So­tomayor, out of con­text

The Washington Times Weekly - - Commentary - Thomas Sow­ell

As part of the bi­o­graph­i­cal pre­oc­cu­pa­tion with Judge So­nia So­tomayor’s past, the New York Times of May 31st had a fea­ture story on the var­i­ous New York hous­ing projects in which she and other well­known peo­ple grew up — in­clud­ing Whoopi Gold­berg, Ka­reem Ab­dul-Jab­bar, Th­elo­nious Monk and Mike Tyson.

There was a map of New York City and dots pin-point­ing the lo­ca­tion of the project in which each celebrity grew up. As an old New Yorker, I was struck by the fact that not one of the 20 celebri­ties shown grew up in a hous­ing project in Har­lem!

The hous­ing projects in which they grew up were dif­fer­ent in an­other and more fun­da­men­tal way. As the New York Times put it: “Th­ese were not the projects of idle, stinky el­e­va­tors, of gang-con­trolled stair­wells where drug deals go down.” In other words, th­ese were pub­lic hous­ing projects of an ear­lier era, when such places were very dif­fer­ent from what we as­so­ciate with the words “hous­ing project” to­day.

Just the ref­er­ence to un­locked doors on the apart­ments there, so that chil­dren could more eas­ily visit play­mates in nearby apart­ments on Satur­day morn­ings to watch tele­vi­sion, cre­ates an im­age that must seem like some­thing out of an­other world to those fa­mil­iar only with the hous­ing projects of to­day.

There were stan­dards for get­ting into the projects of those days and, if you didn’t live up to those stan­dards, they put you out. Ka­reem Ab­dul-Jab­bar was quoted as say­ing, “When kids played on the grass, their par­ent would get a warn­ing.” That seems al­most quaint when you think of what has gone on in the hous­ing projects of a later era.

Since there has been so much talk of putting some of So­nia So­tomayor’s in­flam­ma­tory words “in con­text,” per­haps we should put her per­sonal life in con­text, if the me­dia in­sist on mak­ing her per­sonal life a fac­tor in her nom­i­na­tion to the Supreme Court. While she grew up in a pub­lic hous­ing project, the words “hous­ing project” in that era did not mean any­thing like the hous­ing projects of to­day.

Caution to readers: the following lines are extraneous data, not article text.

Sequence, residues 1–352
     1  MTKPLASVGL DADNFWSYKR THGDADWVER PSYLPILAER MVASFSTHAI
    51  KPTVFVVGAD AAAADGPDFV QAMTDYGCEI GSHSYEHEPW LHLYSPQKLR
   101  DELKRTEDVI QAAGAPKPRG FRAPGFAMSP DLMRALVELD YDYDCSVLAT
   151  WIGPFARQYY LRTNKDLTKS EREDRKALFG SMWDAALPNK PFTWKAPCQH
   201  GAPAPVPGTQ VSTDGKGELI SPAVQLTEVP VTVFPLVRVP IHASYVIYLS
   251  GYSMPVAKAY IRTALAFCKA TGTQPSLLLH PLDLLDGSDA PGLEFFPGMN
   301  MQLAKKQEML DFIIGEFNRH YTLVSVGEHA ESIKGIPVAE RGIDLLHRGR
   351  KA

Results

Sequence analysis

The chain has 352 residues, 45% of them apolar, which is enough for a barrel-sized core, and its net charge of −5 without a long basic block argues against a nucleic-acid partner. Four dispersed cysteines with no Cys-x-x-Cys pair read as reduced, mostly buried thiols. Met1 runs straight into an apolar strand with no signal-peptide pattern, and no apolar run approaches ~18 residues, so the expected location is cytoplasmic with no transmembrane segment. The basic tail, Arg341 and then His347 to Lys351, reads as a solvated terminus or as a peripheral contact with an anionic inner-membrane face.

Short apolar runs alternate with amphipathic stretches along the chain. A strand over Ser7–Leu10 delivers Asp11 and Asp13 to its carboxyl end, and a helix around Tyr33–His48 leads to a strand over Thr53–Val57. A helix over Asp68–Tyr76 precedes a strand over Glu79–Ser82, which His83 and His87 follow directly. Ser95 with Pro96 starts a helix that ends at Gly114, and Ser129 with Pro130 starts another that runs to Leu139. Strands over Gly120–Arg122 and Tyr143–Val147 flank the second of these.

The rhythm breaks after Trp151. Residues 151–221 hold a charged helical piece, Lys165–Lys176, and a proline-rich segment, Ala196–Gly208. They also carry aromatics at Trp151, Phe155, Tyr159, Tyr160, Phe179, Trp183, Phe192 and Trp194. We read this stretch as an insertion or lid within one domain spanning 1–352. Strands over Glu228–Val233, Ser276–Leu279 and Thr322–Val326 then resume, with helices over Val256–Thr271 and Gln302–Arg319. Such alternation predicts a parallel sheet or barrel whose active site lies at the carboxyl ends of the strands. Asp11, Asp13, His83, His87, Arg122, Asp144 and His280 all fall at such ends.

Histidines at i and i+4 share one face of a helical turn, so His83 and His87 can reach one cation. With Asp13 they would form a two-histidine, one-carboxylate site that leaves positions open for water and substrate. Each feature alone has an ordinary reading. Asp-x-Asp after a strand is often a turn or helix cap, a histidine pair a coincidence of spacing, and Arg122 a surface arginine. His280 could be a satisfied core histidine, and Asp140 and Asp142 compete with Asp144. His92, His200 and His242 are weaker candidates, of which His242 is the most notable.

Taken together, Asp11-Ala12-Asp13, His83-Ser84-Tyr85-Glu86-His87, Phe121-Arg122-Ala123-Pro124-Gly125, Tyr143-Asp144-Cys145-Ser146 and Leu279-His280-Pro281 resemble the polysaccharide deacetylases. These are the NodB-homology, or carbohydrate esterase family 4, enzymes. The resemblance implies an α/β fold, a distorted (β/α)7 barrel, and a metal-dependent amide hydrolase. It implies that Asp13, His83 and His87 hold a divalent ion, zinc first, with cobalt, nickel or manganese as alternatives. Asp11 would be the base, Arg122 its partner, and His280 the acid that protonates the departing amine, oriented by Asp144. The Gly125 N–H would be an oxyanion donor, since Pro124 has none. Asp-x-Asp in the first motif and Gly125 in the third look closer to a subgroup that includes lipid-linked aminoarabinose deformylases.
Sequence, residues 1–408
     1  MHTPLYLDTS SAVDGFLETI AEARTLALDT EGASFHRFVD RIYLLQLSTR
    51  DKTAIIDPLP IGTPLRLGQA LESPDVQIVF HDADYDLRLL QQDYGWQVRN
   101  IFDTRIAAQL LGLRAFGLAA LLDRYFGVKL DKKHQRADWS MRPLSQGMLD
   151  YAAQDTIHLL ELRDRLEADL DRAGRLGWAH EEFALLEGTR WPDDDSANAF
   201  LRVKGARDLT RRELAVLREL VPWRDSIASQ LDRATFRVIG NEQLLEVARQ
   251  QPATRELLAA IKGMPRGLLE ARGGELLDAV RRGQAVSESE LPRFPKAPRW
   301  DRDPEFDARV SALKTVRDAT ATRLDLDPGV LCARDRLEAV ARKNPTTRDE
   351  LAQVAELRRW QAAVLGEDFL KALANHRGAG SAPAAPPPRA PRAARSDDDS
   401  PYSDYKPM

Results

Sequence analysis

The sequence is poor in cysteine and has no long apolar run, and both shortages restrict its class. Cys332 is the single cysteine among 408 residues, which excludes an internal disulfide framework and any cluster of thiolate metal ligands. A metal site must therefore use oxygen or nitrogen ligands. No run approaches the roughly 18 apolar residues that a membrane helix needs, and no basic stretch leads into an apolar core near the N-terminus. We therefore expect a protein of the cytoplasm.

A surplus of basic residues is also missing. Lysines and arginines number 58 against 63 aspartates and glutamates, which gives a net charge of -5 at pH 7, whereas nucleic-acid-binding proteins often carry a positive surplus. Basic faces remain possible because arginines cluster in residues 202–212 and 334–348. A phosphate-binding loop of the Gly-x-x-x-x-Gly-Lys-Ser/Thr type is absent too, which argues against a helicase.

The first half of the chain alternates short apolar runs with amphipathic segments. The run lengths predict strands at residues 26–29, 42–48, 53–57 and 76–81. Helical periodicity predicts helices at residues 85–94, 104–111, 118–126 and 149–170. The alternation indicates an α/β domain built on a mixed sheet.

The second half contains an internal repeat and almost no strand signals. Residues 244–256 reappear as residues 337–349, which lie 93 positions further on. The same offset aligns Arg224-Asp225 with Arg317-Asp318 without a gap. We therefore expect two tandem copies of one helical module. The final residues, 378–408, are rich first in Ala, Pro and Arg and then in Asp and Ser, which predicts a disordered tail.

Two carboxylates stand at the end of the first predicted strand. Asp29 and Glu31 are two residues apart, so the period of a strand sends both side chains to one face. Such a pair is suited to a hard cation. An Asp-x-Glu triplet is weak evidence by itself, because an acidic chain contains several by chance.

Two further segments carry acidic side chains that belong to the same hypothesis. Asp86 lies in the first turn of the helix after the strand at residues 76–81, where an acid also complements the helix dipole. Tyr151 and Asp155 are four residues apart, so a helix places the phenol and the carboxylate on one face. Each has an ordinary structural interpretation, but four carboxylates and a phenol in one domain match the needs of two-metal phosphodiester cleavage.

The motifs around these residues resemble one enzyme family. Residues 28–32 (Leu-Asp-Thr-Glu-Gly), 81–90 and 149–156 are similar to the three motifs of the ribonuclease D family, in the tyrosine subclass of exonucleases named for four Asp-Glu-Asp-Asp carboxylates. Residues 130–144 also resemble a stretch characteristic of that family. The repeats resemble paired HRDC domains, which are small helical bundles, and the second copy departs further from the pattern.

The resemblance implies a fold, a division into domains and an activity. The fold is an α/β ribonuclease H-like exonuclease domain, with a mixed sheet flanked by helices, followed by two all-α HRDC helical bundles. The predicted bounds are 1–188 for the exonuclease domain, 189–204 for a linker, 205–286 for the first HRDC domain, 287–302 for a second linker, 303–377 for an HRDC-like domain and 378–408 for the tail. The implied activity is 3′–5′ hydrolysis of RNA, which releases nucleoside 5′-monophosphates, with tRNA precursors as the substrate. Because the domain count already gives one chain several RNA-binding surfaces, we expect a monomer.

A rel­a­tive of mine lived in one of the hous­ing projects back then — and we were proud of him, as well as glad for him, be­cause such places were for upright cit­i­zens in those days — work­ing class peo­ple with steady jobs and good be­hav­ior. Clever in­tel­lec­tu­als had not yet taught us to be “non­judg­men­tal” about mis­be­hav­ior or to make ex­cuses for van­dal­ism and crime.

While So­nia So­tomayor was not born with a sil­ver spoon in her mouth, let’s not make her some­one who rose from such depths as those con­jured up by the words “hous­ing projects” to­day. It is bad enough that bi­o­graph­i­cal con­sid­er­a­tions carry such weight in con­sid­er­a­tions of nom­i­nees for the Supreme Court. But, if bi­og­ra­phy must be elab­o­rated, let it at least be done “in con­text.”

It has al­ways made me a lit­tle un­easy when gen­er­ous well­wish­ers have dis­cussed my ed­u­ca­tional back­ground as if it was some­thing al­most mirac­u­lous that I came out of the schools in Har­lem and went on to Ivy League in­sti­tu­tions. But any num­ber of other peo­ple did ex­actly the same thing.

The Har­lem schools of that era were no more like the Har­lem schools of to­day than the hous­ing projects of that era were like to­day’s hous­ing proj- ects. They had classes grouped by abil­ity and, if you were se­ri­ous about get­ting a good ed­u­ca­tion, you could get into one of the classes for kids who were se­ri­ous and re­ceive an ed­u­ca­tion that would pre­pare you to go on in life.

There is a lot to pon­der about why both the schools and the hous­ing projects de­gen­er­ated so much af­ter the bright ideas of the 1960s in­tel­li­gentsia spread through­out so­ci­ety, leav­ing so­cial havoc in their wake.

Too many peo­ple who rose to where they are to­day be­cause of a foun­da­tion of tra­di­tional val­ues have be­come en­thralled by the very dif­fer­ent ideas preva­lent in the elite in­tel­lec­tual cir­cles to which they moved. Judge So­tomayor seems to be one of those, with her ideas about race and the pol­i­cy­mak­ing role of judges.

It is bad enough that so many of those “ad­vanced” ideas have un­der­mined for oth­ers the foun­da­tion that So­nia So­tomayor had as she grew up, de­spite be­ing raised in a home with a mod­est in­come. There is no need to let her use the Supreme Court to de­stroy more of those tra­di­tional Amer­i­can val­ues.

Thomas Sow­ell is a na­tion­ally syndicated colum­nist.

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